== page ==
Cure the Blues had demolished his opposition in every race he had run before today. But it was in defeat that he proved his greatness.
He lost the Gotham Stakes to Proud Appeal by a margin that would have been best measured in millimeters. He only lost, however, after waging a heart-stopping battle down the Aqueduct stretch that was worthy of the great moments of the Affirmed-Alydar rivalry. And he lost after running faster than almost any thoroughbred of modern times has run at his stage of his career: one mile in a sensational 1:33 3/5.
The Gotham demonstrated that Cure the Blues and Proud Appeal tower over all other Kentucky Derby aspirants of their generation. Cure the Blues may well prove to be superior to his conqueror today because he came into the Gotham at such an apparent disadvantage.
Before the race, trainer LeRoy Jolley wasn't exuding the optimism one might expect from the man whose horse had won his six career starts by a total of 43 1/2 lengths. Jolley knew his colt had not done nearly enough to be optimally prepared for his race. He had run only one slow sprint race in Florida and now was shipping north and spotting three pounds to Proud Appeals on his home track where he had scored three sensationally fast stakes victories this year.
When the gate opened for the Gotham, Proud Appeal popped out quickly, but he held a clear lead for only a few strides. Cure the Blues moved abreast of him, in the position where he would remain for the rest of the race.
Jockey Jeffrey Fell was trying to restrain Proud Appeal, and Jacinto Vasquez was dong the same with Cure the Blues, but the two colts are so naturally fast that they whizzed the first half-mile in 45 seconds flat. Behind them, Angel Cordero Jr. was sitting in perfect striking position on Noble Nashua, the presumed stretch-runner in the six-horse field, waiting for the leaders to falter.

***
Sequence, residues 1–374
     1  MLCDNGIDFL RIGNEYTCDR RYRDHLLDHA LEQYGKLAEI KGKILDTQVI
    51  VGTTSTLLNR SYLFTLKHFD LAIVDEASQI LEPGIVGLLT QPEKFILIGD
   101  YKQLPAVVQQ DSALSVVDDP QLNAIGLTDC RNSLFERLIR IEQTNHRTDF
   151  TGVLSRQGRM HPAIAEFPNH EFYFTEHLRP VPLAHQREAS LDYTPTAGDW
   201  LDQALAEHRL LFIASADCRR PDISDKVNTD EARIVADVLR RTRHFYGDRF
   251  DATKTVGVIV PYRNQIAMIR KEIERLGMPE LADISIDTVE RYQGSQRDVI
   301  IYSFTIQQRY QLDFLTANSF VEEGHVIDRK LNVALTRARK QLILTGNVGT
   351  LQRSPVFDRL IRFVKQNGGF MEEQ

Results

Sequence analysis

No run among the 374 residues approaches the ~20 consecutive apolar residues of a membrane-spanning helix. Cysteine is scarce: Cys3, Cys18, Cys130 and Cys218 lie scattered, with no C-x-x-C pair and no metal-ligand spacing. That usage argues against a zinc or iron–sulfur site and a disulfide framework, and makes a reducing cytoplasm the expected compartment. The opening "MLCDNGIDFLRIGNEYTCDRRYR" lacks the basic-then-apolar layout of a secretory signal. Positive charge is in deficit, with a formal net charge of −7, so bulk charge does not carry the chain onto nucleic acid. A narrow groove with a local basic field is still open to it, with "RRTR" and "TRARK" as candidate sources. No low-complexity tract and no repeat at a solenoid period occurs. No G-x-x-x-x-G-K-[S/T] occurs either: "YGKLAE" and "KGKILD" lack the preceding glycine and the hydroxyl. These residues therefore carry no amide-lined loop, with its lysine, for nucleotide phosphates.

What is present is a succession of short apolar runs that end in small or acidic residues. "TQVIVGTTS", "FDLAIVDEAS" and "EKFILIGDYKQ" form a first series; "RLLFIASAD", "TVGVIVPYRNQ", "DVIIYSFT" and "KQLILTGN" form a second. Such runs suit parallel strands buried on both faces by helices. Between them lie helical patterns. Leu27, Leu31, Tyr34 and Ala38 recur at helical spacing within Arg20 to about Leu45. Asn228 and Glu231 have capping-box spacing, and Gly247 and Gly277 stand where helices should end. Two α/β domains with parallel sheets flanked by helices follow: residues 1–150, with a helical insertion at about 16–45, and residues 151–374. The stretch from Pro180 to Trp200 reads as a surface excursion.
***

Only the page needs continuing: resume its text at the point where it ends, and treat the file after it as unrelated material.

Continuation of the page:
But the veteran Cordero couldn't quite believe what was happening in front of him. "Those guys never came back!" he exclaimed. "The longer they went, the faster they went."
Indeed, the two leaders picked up their already quick tempo, speeding the third quarter in 23 4/5 seconds, reaching the six-furlong mark in 1:08 4/5. As they turned into the stretch, Proud Appeal opened an advantage of nearly a half-length and looked for the moment as if he were going to pull away. But Cure the Blues wouldn't let him. With every one of his final strides, he seemed to gain an inch or so on his resolute opponent.
The finish was too close for most of the 23,287 witnesses to call. When Proud Appeal's number went up, he paid $5.80 to win.
The time of the race was just two-fifths of a second slower than the track record, and only one-fifth slower than Secretariat ran over a much faster racing surface in the 1973 Gotham. It astonished even some of the jockeys and trainers who didn't realize just how good these horses are.
"I really don't know what to say," said Stanley Hough, Proud Appeal's trainer. "It was an unbelievable race. I knew they would go fast, but not this fast."
Jolley was happier than he was after Cure the Blues had won his season debut in Florida last week. "I'm sorry he lost," Jolley said, "but he ran a big, big race." After taking over the training of this colt from Maryland's Bernie Bond at the start of the year, he finally knows what he has.
Some skeptics may question the significance of the winning time, but the performance of Noble Nashua clearly illuminates the quality of the horses who beat him.
Nble Nashua had won his last start here by nine lengths, missing the track record by one-fifth of a second and his astute trainer, Jose Martin, had spent a month pointing for the Gotham. The race developed perfectly for him, as he sat in third place behind the dueling leaders.
Yet Noble Nashua finished 8 1/2 lengths behind the top pair. Not many other 3-year-olds figure to get much closer this spring.